Theatre performance rich in prairie imagery

Writer celebrated | W.O. Mitchell’s son visited birthplace of father and took in a theatrical adaptation of his radio series

WEYBURN, Sask. — There are times in every prairie kid’s life when a unique character or a memorable event creates a lasting impression.

Sometimes, those characters and events leave a mark so indelible that they shape not only the kid’s character, but also his career and perception of life itself.

Such was the case with W.O. Mitchell, a Saskatchewan boy who grew up in Weyburn, Sask., and became one of Canada’s most beloved and celebrated novelists, playwrights and narrators.

“I think he put the Prairies on Canada’s literary map,” said W.O.’s son, Orm Mitchell, who was in Weyburn last week to commemorate the 100th anniversary of his father’s birth.

“In all of his work, you could hear the wind, you could smell the prairie smells and you could hear the salty expressions of the people who lived on the land,” he said

“He was a writer who very much believed that you had to appeal to the reader’s senses, so he was constantly striving for images that would capture that.”

W.O., who garnered critical acclaim for his 1947 novel Who Has Seen The Wind, grew up among the gophers, coyotes, dust, wind and colourful characters that gave southern Sask-atchewan its unique character in the mid-20th century.

His writing, much of it set in the fictional town of Crocus, Sask., was drenched in prairie imagery and based on memories that were etched during his childhood.

W.O.’s connection with the Prairies and his influence on Canadian literature were celebrated in August in a theatrical adaptation of his musings called Jake and The Kid: Prairie Seasons at Weyburn’s Tommy Douglas Performing Arts Centre.

The theatre is a former Calvary Baptist Church, constructed in 1906 by prairie residents and local volunteers. In the 1980s, it was moved to Weyburn and converted into the centre.

The building, a Canadian historical site, was the first and only church served by former Saskatchewan premier and father of medicare Tommy Douglas.

The play, adapted by James B. Douglas from W.O.’s CBC radio series Jake and the Kid, was a collection of memories and tall tales as professed by the somewhat exaggerative Jake Trumper, played by Dave Frayn, and perceived by the Kid, played by Ross van De Weyer.

Addressing a crowd seated in wooden church pews, Orm shared his thoughts on W.O.’s writing, roots in Weyburn, connection with prairie people and remarkable ability to illustrate the events and characters that typified Prairie life in the post-Depression era.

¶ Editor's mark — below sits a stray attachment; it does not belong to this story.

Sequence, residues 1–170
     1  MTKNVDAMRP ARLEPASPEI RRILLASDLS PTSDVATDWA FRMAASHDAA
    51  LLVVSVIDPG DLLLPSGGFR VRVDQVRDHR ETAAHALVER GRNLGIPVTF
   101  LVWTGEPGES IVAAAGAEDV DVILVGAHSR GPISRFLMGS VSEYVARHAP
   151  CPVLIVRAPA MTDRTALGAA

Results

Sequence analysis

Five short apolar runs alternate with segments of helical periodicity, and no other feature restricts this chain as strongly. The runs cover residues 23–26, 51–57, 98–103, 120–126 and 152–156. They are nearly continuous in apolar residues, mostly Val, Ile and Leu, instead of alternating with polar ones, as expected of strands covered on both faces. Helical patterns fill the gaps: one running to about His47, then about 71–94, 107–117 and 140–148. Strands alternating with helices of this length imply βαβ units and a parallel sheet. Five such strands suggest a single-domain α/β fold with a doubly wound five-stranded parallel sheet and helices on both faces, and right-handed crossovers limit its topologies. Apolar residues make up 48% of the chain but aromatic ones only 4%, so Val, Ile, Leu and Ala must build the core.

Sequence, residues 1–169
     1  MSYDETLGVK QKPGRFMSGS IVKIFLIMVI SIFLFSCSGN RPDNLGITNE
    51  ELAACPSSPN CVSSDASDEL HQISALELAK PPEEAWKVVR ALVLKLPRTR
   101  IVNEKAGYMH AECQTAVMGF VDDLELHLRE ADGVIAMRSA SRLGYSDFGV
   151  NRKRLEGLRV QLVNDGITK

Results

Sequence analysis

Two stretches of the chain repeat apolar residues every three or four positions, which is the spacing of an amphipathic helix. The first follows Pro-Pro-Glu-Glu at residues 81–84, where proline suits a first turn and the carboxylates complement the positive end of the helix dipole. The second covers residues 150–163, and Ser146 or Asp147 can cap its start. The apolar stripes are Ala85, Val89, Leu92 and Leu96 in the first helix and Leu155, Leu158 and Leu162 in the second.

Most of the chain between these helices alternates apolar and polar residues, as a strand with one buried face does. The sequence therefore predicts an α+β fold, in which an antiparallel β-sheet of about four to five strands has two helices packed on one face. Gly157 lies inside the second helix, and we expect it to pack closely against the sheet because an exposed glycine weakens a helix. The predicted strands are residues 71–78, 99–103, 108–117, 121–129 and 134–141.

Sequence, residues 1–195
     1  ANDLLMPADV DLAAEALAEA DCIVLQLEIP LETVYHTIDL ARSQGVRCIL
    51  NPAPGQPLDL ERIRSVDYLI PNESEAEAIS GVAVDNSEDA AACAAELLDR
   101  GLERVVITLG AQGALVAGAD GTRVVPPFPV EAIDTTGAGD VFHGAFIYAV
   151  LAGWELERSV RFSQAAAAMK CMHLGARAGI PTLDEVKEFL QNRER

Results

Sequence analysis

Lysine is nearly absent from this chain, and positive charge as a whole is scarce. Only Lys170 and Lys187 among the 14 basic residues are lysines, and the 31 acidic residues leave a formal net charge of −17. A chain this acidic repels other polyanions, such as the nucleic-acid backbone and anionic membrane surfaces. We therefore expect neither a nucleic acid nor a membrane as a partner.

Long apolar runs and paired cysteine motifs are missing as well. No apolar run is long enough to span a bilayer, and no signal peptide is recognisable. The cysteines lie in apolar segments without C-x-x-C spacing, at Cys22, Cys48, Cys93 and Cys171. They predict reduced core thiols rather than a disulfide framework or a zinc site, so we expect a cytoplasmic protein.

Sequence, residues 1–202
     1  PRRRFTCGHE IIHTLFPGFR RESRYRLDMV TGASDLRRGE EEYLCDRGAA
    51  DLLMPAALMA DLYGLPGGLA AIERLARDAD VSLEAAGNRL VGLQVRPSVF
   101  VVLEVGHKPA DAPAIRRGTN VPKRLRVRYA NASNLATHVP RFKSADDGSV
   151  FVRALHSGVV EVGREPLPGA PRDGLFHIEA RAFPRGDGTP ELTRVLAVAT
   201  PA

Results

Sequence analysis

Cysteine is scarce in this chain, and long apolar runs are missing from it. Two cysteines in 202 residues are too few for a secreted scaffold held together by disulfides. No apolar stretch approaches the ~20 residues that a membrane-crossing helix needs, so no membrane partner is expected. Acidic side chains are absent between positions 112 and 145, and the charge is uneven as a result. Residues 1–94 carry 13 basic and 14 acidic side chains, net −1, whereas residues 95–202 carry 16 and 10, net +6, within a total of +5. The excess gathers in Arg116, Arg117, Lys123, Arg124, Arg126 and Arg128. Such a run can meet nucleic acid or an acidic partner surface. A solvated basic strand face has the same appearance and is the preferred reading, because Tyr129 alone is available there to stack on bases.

”The Jake and the Kid series, when it was being broadcast on CBC … really resonated with listeners and it wasn’t just Prairie people that appreciated it,” said Orm.

“It was people from across Canada, from B.C. clear across to the other side of the country.

“He was so good at depicting small town community life … and he managed to create characters and situations that really resonated with people and helped to shape Canadian culture.”

W.O.’s prose and dialogue were always coloured with local charm, Orm said.

“He really had an ear for the poetry of the working man’s language … the man who worked close to the soil and close to the elements.”

Orm’s wife Barb said the years that W.O. spent in the Weyburn area observing the prairie skies, landscape, colour and characters affected him and shaped his writing for years to come.

“He wrote about (Prairie life) so beautifully and that’s why people still appreciate his work today … because he’s writing about their lives and their landscape,” she said.

“I think he’s still regarded as the classic prairie writer, one who really described the Prairies more beautifully and more particularly than any other writer.”

Connie Nightingale, who directed and produced the performance for the Crocus 80 Theatre, said it was fitting that the theatre group and the community paid tribute to W.O.

“The members of our community really appreciated it and were able to stop and reminisce and remember the characters in W.O’s stories and W.O. himself,” she said.

“It’s very nice to take a step back in time and remember when we were that small prairie community because those small community values still resonate in most of us.”

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